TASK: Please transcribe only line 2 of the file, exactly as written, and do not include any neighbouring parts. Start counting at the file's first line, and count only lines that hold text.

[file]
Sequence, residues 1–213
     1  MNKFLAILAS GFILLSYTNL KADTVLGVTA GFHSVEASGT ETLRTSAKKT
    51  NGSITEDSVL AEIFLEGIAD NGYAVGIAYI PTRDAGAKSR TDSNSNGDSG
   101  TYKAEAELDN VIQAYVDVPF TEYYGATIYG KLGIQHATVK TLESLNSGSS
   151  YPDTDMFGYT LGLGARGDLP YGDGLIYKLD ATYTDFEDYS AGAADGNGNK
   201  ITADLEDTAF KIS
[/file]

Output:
     1  MNKFLAILAS GFILLSYTNL KADTVLGVTA GFHSVEASGT ETLRTSAKKT